First off, developers may not pass around private keys in the most secure way. They may try to share them over the internet, which could be acquired by man-in-the-middle-style attacks, or a private key could be left out in the open on a web or build server or within a source code repository or put on a USB token, but if a user forgets to wipe the USB drive it would still hold the private key and could end up in the wrong hands.

Second, shared private keys could be unintentionally or intentionally lost or stolen. For instance, a developer with a private key on their hard drive might lose their laptop in a public space. That private key is then compromised if anyone gets access to the laptop. Or if a developer leaves the company, they could either accidentally or intentionally take a copy of the private key with them. In the wrong hands, a disgruntled employee could copy and paste that private key for personal purposes or even to sign something with malware to intentionally hurt their old company.

Key management best practices

Developers do need to share assets and cover for each other, but a shared private key is not the best way to do it. One way is to use dedicated HSMs, but that solution can get pricey and requires regular maintenance and replacement every three to five years. Another solution is to simply request multiple keys so each developer has their own, but this exponentially multiplies the cost and burden on the certificate requester. The simplest way to manage keys securely is to use a modern key management solution that gives you more control and security over key management.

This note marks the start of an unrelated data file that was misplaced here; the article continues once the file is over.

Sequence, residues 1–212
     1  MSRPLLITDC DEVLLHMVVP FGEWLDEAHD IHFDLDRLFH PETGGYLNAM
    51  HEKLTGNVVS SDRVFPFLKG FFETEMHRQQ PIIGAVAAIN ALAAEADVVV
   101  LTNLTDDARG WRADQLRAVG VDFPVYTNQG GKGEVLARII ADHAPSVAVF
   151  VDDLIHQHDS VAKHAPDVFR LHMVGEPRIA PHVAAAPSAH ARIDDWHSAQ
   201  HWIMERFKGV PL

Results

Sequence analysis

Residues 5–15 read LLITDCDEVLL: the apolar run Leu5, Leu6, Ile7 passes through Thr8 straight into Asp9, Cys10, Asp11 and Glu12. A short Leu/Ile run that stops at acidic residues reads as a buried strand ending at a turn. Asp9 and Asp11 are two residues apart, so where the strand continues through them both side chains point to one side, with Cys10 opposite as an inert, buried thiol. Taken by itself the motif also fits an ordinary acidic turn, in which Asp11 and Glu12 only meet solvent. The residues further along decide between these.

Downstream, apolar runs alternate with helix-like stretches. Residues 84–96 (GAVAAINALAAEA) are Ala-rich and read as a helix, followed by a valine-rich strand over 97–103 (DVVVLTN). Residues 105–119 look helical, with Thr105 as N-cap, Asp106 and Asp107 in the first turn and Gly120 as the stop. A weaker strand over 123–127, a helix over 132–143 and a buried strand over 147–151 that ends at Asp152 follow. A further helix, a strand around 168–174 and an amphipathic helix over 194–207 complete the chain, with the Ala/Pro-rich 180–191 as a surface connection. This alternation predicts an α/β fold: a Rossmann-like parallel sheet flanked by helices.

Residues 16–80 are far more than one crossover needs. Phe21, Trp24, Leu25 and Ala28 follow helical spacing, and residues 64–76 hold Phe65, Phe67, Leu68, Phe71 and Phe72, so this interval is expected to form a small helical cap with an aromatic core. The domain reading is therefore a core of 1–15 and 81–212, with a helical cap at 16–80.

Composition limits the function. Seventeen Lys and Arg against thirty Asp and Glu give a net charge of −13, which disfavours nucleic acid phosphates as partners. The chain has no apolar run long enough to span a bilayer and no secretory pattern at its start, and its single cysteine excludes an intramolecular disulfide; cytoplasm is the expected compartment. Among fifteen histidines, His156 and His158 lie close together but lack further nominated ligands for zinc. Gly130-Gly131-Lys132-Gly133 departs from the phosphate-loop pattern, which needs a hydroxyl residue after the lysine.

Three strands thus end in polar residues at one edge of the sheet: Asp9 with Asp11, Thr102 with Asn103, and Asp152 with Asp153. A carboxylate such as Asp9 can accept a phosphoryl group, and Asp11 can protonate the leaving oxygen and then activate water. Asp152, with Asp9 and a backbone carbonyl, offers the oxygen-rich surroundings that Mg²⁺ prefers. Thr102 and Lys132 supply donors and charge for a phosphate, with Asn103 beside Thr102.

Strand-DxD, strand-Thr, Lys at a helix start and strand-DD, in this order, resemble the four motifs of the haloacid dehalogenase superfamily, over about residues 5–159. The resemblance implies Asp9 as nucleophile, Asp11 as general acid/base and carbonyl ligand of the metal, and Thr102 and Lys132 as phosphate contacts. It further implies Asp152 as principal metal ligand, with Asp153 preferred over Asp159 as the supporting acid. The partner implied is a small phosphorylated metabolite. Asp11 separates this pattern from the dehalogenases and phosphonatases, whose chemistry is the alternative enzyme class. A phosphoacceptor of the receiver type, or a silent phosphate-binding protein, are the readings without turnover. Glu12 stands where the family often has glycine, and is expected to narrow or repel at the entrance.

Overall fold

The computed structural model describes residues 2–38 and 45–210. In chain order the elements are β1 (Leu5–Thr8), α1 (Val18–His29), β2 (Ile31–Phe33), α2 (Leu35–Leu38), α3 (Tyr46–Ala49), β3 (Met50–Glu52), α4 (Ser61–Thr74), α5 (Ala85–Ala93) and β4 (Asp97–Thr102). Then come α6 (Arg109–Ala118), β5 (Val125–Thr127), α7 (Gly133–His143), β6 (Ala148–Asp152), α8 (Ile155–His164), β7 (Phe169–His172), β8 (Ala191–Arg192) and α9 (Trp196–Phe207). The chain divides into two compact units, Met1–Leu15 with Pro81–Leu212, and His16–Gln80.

Modern solutions inherently follow key management best practices, like controlling the use of signing keys, using key rotation, and separating duties of administrators and developers, all while providing control and auditability so that you can track what keys signed what code and who used them.

Modernize your key management

When it comes to private key management, historically developers have had to trade off security for convenience, and they have often elected to use private key sharing because it’s more convenient. However, modern solutions can help avoid these mistakes, while allowing developers the freedom to use private keys when they need them so that they can focus on what they’re best at: building and pushing software products.